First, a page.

As a young child growing up in Watsonville, Pedro Gonzalez-Renteria dreamed of being a filmmaker.
That dream was fomented when his father got a video camera, and he and his friends and siblings would use it to make their own versions of skit comedy shows as Saturday Night Live and “Bienvenidos” out of Venezuela.
They would also use toy helicopters and other props to create “news” stories about floods and other incidents.
As a high schooler, he helped his friends who were enrolled in Watsonville High School’s Video Academy.
When he graduated in 2006, he was accepted to CSU Long Beach and Fresno, which many young people would celebrate.
But Gonzalez-Renteria, 35, who was born in Mexico, knew a hard truth that many undocumented immigrants face: his immigration status precluded him from getting financial aid.
“I am a pretty chill person, but that was the moment when I had the most depression,” he said. “That was my lowest point.”
Undeterred, Gonzalez-Renteria took a different route, and after attending Cabrillo College, working a series of jobs and finding a backdoor to the film industry, is now part of Pie Town Productions, a small television production company in Hollywood.
He is now in Watsonville looking for cast and crew for a short film.
“La Raiz” —“The Roots”—tells the story of a girl who emigrates from Oaxaca with her family. As her Mixtec-speaking parents struggle to find their place in Watsonville—where they speak neither Spanish nor English—she finds the magic in her new home, seeing herself as a classical princess intermixed with imagery from the Dia de los Muertos of her native culture.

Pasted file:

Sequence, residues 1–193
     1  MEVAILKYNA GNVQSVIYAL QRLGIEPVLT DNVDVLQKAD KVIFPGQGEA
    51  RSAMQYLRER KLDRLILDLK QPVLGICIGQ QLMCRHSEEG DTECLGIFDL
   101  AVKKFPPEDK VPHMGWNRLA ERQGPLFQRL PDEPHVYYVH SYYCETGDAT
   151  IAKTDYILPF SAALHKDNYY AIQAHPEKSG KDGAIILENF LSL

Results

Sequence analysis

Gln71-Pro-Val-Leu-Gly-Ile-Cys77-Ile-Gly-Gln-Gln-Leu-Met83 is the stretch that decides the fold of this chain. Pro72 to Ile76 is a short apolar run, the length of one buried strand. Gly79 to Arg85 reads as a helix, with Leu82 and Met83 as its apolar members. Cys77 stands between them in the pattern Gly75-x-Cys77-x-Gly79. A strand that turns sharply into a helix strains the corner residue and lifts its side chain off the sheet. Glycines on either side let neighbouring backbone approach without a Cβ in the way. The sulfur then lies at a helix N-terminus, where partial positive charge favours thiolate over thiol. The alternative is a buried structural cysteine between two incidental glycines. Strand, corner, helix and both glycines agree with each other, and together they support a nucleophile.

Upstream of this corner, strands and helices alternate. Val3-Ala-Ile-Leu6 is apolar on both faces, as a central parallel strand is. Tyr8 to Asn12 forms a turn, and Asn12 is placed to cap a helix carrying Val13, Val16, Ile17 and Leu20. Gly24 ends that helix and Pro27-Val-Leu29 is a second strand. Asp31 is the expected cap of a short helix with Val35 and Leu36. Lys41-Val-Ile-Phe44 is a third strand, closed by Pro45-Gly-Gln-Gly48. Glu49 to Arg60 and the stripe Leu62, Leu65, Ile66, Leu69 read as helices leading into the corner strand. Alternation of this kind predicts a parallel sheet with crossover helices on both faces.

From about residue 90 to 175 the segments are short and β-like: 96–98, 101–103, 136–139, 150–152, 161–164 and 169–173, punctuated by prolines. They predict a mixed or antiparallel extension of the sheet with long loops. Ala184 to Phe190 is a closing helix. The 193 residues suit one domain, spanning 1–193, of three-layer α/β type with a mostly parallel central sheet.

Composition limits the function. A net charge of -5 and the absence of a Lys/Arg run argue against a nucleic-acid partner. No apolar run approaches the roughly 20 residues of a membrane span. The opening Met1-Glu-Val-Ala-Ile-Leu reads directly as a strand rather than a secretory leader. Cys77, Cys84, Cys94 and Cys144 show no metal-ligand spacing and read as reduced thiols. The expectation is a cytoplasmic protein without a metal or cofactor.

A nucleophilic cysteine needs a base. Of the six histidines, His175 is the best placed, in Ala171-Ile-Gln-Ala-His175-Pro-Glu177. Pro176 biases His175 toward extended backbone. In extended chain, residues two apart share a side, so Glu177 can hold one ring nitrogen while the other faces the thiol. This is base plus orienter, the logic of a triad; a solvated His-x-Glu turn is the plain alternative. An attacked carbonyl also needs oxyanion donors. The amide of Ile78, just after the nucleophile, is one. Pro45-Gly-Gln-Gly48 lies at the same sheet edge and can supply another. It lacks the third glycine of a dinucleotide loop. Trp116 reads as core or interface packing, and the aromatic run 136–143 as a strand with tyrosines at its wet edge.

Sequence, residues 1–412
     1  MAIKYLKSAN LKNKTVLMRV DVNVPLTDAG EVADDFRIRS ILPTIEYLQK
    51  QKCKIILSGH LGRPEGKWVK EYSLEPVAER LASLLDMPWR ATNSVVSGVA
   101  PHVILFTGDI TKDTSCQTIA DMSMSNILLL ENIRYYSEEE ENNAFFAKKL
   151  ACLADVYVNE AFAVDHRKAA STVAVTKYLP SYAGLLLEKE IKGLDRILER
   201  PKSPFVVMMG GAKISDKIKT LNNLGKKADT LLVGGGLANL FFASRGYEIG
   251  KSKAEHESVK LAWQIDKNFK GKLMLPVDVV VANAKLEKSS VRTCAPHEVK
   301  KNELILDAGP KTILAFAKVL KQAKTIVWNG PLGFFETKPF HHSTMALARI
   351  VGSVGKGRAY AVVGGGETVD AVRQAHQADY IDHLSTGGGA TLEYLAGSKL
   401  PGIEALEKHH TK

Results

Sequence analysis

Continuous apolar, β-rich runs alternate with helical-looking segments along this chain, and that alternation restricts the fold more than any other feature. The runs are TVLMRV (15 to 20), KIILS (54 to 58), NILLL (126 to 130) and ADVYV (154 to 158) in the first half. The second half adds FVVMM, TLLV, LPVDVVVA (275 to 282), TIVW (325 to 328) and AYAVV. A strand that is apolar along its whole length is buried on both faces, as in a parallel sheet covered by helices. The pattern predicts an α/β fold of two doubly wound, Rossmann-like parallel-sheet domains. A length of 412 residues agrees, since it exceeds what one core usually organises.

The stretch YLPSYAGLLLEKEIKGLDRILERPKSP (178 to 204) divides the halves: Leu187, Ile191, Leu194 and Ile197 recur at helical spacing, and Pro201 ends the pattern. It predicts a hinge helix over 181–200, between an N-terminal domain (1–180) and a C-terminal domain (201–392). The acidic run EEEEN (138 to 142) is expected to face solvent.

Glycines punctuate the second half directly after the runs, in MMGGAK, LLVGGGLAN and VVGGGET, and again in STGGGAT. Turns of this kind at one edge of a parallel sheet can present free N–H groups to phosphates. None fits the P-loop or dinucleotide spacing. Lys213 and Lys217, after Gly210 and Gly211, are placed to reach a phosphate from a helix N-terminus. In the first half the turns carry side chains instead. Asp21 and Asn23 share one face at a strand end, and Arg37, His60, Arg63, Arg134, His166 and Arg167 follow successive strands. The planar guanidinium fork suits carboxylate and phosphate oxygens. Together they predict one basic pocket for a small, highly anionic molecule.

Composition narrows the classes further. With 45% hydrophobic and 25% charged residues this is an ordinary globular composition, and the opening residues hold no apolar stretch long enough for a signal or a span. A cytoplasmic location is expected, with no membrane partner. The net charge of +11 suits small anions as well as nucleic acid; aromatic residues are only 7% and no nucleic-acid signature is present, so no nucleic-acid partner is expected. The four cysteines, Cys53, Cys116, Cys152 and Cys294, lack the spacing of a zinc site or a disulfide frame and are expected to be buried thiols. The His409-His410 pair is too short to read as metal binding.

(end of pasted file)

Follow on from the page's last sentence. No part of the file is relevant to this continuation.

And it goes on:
She does not, however, feel the struggles of her parents. Instead, she feels the strong bond of the family, which Gonzalez-Renteria says mirrors his own life.
This includes sleeping on the floor with his family for years, as they worked the agricultural fields.
“Everybody was working together, everybody was enjoying each other’s company,” he said. “For me, that was the most important thing.”
Gonzalez-Renteria met another Watsonville filmmaker—Gabriel Medina—at a Watsonville Film Festival fellowship. The two have since formed a group who most recently worked on “They Know Not What They Do.” That film recently finished shooting in Watsonville.
Gonzalez-Renteria has also worked for a show called “Dropping Cash,” and with Fox for a show about Shaquille O’Neal. His current company, Pie Town Productions, makes such shows as “House Hunters.”
“I want people to be excited about a story told here in Watsonville,” he said. “I want them to see that Watsonville is part of the plot.”
In addition to a cast—including the main family characters—Gonzalez-Renteria is also looking for funding for “La Raiz.”
For information, contact Gonzalez-Renteria on Instagram at @heytherepete, email [email protected] or call 840.9439.